Fraught with possibilities. That’s what this place is. Just fraught.
I need an office break. I have been drawing waterproofing details for hours, on a program of the same vintage as my first Space Invaders game on Atari. The sun is out. Downtown calls.
I trot a few blocks to my favorite place to blow half an hour on imagining possibilities, re-writing some archaic thing’s life story, and rummaging through badass record albums. Last time I found Voulez-Vous by Abba, and had to hang it on my wall.
And there, in the back room of Father and Son on Hargett, I have an illicit love affair. With a midcentury modern, mod mod mod, faux Saarinen tulip table. And four chairs.
It starts so innocently. One of the chairs, the kind with arms and a red vinyl cushion, winks at me. I blush shyly, look away, and then turn back and meet its gaze. I wander over for a little conversation. ”Where are you from?” and “How long have you been hanging out at Father and Son?” and, I am ashamed to say, I am already thinking about what a perfect pair we would make, cuddled up together and sharing a coffee and the Arts and Leisure section of the New York Times….
Reason takes hold. There is no room in my life for such nonsense. Literally, I have to sell something out of this little house, before anything else can come in. It’s that full, and it’s that small.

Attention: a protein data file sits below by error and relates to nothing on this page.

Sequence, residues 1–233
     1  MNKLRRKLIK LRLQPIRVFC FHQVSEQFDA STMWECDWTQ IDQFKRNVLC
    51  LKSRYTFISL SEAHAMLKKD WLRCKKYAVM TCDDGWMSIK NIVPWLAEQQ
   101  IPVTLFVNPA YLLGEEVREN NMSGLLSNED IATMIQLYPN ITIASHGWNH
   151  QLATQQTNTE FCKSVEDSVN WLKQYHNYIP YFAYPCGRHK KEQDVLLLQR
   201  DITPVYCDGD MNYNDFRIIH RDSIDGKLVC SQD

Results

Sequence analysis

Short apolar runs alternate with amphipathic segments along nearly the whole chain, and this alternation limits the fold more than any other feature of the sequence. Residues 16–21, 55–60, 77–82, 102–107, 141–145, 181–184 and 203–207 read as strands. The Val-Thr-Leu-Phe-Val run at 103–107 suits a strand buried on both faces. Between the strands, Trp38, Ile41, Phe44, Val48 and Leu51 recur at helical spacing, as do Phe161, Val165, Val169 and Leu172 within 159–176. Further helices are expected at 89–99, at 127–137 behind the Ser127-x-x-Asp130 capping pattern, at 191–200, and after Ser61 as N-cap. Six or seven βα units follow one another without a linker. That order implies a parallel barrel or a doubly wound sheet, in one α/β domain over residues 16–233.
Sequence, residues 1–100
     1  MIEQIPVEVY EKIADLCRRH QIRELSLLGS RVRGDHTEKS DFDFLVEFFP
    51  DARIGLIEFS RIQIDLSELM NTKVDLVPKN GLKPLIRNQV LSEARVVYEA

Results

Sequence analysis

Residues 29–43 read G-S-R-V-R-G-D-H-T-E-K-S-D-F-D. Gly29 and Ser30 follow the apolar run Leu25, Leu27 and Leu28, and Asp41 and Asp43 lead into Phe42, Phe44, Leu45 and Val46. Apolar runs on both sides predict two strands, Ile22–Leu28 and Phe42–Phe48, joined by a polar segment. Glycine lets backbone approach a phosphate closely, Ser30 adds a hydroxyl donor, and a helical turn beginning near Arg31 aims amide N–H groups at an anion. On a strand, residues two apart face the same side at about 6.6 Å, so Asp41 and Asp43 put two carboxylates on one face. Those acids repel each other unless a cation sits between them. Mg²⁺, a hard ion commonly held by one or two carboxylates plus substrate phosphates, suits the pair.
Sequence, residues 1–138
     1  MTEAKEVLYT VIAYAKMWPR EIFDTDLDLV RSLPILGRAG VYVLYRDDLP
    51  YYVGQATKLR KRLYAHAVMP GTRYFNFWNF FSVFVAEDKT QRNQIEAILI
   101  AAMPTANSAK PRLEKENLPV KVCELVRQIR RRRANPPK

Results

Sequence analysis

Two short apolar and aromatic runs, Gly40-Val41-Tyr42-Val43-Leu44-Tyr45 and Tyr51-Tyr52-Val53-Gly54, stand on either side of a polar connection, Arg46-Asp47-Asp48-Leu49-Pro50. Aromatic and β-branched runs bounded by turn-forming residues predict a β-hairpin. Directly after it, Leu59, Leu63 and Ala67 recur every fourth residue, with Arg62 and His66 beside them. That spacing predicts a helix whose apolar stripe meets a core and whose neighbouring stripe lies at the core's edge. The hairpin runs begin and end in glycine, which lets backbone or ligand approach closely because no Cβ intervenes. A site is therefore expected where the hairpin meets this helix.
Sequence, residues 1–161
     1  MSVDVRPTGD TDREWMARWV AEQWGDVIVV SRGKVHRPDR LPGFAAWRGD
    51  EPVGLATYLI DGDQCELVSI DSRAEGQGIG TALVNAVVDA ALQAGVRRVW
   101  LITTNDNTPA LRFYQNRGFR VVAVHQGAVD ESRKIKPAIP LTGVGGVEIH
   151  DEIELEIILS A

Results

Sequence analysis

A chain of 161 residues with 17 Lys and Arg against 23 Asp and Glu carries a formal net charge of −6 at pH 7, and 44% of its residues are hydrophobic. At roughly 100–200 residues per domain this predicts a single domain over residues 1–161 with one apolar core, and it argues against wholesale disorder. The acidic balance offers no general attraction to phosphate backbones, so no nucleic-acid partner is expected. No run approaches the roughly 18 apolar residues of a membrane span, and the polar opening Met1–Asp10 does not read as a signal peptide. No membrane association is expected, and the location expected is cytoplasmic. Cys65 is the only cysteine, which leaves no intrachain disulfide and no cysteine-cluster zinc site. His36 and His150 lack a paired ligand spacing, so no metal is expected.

I sidle up to the cashier to get this chair’s story- and am crestfallen. The story is, the chair is attached, married really, to three other chairs and a table.
Not my first “almost.” Sigh. Filled with regret, I go back to the office and try, really try, people, to devote myself to thinking about caulk. But we have already established that near-misses are a bit of a specialty with me lately, and I don’t want this to be another “If I had only….”
The next day, at high noon, I am stricken with the sudden and certain knowledge that someone with more decisiveness has spirited my mod white faux-Saarinen set away. I turn off Space Invaders and walk, briskly and purposefully, back to Father and Son, where I throw reason under the bus. I write a check, and I fall in love (really, wasn’t I in love already?) with all of them. They are a little dinged up; after all, “midcentury” refers to their birthday, not just the style- but they are so fab. They need, oh, $100 worth of noxious glossy enamel super-chick, hipster-chic, shiny white enamel, and a few hours’ work. In return, they will give me the following: dinner parties, and a new warm center to my home, and a place on which to rest a Coleman lantern next to which I will do a crossword puzzle in a power outage, and a place for flowers, and sculptures, and serious conversations, and candlelit glasses of wine.
Fraught, again, with possibilities.